‘Tennessee Three’ lawmaker Justin Jones sues state House Speaker over expulsion, vote to silence him

‘Tennessee Three’ lawmaker Justin Jones sues state House Speaker over expulsion, vote to silence him


Melissa Brown
 USA TODAY NETWORKplayShow CaptionHide Caption#videoDetailsToggle{color:var( –color-dove-gray,rgba(0,0,0,.6));cursor:pointer;display:inline-block;font-family:var(–sans-serif,sans-serif);font-size:var(–type-7);font-weight:var( –font-weight-bold,900);line-height:var(–spacer-twentyfour,24px);margin-bottom:-8px}#vdt_hide{margin-bottom:10px}.vdt-flex[hidden]{display:none}.vdt-svg{fill:var( –color-dove-gray,rgba(0,0,0,.6));height:var(–spacer-twentyfour,24px);width:var(–spacer-twentyfour,24px)}Biden thanks ‘Tennessee three’ for ‘standing up’President Joe Biden welcomed to the Oval Office the three Tennessee lawmakers who faced expulsion for participating in gun control protests at their statehouse. “You’re standing up for our kids,” Biden said. (April 24)AP

NASHVILLE, Tenn. — Tennessee state Rep. Justin Jones filed a federal lawsuit against the state House Speaker and House administrative officials Tuesday, alleging that Republicans repeatedly violated Jones’ constitutional rights.

Filed in Nashville federal court, the lawsuit argues that House Republican efforts to expel Jones last spring and enact new rules to limit debate during the August special session were unconstitutional and illegal. The Nashville lawmaker, along with two fellow Democrats, were dubbed the “Tennessee Three” after they faced expulsion for participating in gun reform protests.

“Today my attorneys filed a federal lawsuit to hold Tennessee House Speaker Cameron Sexton responsible for his unconstitutional and discriminatory actions,” Jones said on X, formerly known as Twitter. “The people of District 52 deserve to have their voices heard without the threat of undemocratic silencing and retaliation.”

House Republicans expelled Jones and his freshman colleague Rep. Justin Pearson, D-Memphis, in April after the two broke House rules and mounted brief gun reform chants on the chamber floor. The pair were frustrated with the lack of legislative action in the wake of the Covenant School shooting in Nashville’s Green Hills neighborhood just days before, in which six people were killed.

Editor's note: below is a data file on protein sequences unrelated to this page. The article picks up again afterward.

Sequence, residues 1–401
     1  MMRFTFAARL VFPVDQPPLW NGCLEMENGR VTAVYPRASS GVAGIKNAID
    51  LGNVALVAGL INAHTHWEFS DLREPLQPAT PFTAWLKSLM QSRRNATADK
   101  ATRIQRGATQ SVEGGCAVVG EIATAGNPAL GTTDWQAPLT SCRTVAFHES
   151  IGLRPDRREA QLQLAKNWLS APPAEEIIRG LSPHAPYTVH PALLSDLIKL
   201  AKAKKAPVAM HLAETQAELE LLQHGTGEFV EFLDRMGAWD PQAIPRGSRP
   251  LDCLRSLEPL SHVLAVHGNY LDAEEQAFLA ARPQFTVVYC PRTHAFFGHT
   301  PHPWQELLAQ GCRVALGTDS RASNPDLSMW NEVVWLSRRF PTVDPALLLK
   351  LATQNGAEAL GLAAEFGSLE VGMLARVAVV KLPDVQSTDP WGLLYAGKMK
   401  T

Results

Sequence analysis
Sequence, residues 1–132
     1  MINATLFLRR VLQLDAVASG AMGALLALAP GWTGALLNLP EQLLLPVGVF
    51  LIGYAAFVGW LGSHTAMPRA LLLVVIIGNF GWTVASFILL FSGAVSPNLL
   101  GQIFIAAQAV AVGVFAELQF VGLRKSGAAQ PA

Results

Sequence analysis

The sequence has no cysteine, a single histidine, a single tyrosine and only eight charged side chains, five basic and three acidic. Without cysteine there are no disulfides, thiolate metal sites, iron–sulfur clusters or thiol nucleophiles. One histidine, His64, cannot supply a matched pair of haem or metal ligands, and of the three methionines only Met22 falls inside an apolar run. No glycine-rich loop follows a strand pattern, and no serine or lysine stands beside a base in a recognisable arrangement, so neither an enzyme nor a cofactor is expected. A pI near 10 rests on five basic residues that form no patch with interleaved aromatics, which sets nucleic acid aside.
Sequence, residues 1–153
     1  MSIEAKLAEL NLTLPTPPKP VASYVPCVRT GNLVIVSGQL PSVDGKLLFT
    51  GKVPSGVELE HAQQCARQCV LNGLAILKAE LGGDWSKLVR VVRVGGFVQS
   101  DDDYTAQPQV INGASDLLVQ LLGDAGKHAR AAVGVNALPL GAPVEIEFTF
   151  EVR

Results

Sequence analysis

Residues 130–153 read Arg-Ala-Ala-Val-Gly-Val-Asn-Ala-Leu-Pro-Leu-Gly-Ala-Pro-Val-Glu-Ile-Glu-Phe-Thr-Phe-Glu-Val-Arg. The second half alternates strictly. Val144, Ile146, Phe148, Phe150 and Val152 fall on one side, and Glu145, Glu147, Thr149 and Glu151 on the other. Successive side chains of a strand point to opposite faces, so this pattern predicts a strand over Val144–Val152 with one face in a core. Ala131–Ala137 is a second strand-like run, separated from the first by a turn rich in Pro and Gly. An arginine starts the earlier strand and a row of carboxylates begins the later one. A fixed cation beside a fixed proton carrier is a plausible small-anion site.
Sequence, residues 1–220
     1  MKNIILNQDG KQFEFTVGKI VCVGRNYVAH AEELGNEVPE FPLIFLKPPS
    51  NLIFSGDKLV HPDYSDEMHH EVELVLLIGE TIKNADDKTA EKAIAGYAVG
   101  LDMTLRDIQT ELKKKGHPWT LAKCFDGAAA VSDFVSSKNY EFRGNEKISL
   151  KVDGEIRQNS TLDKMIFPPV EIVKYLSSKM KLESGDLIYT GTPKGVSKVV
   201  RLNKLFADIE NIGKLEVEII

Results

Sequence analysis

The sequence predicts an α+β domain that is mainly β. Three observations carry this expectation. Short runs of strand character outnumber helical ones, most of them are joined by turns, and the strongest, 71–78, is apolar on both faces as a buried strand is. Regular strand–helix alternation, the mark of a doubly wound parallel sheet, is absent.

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Jones was quickly reappointed to his seat by the Nashville Metro council, and he later easily won reelection. He is represented by Jerry Martin, a Nashville lawyer and former U.S. Attorney, as well as New York and Washington D.C.-based attorneys.

Sexton did not immediately respond to The Tennessean, part of the USA TODAY Network, and its request for comment.

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Rep. Justin Jones alleges House Republicans violated his rights

The Nashville Democrat now argues the expulsion “robbed” him of committee appointments and washed out his legislative tenure of a few months, which could affect his standing for benefits in the Tennessee retirement system. Jones also argues he was forced to spend $70,000 and resources to mount a second election campaign after his expulsion.

The lawsuit alleges the expulsion proceedings violated the Fourteenth Amendment as they lacked “due process.”

Though the expulsion proceedings were legislative in nature, Jones’ lawsuit argues the time period between his expulsion notice on April 3 and the expulsion hearings on April 6 deprived him of adequate time and resources to prepare a sufficient defense. The lawsuit states the House was acting in a judicial capacity during the expulsion and argues the proceedings were “rigged against them from the start.”

The lawsuit also points to leaked audio from a House Republican caucus meeting where the GOP fought over the failed expulsion vote of state Rep. Gloria Johnson as Republicans grappled with the intense public backlash over the proceedings.

In the audio, Tennessee House Majority Whip Johnny Garrett admonishes a colleague for asking questions of Johnson during the hearing, “as if that would have made a difference.” 

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“We had the jury already. This obviously wasn’t a trial — but I knew every single one of your vote counts. I knew that we did not have to convince you all,” Garrett said in the audio.

‘We will be back’: Covenant families disappointed in Tennessee special session, vow to press ahead

Lawsuit challenges House rules restricting lawmaker, floor comments

In the lawsuit, Jones also alleges the new rules established in the special session are unconstitutional. Republicans adopted the rules over the objections of Democrats as lawmakers began a contentious session over public safety issues following the Covenant School shooting.

The rules allowed the House to block a lawmaker from speaking in committees and on the House floor if they cause a substantial disruption, or “impugn the reputation” of another House member. The new rules also banned members of the public from carrying signs in House galleries and committee meetings, which has long been allowed.

The rules sparked major controversy and roiled public opinion within days, as members of the public and mothers advocating for increased gun safety regulations were kicked out of a committee meeting for carrying signs.

House Republicans, who hold a supermajority in the chamber, later voted to silence Jones after Sexton ruled he had twice spoken out of order. The vote moved the Democratic caucus to walk off the floor en masse and protest what they viewed as an unequitable application of the rules Republicans established and wield with little oversight.

Reach Melissa Brown at [email protected].

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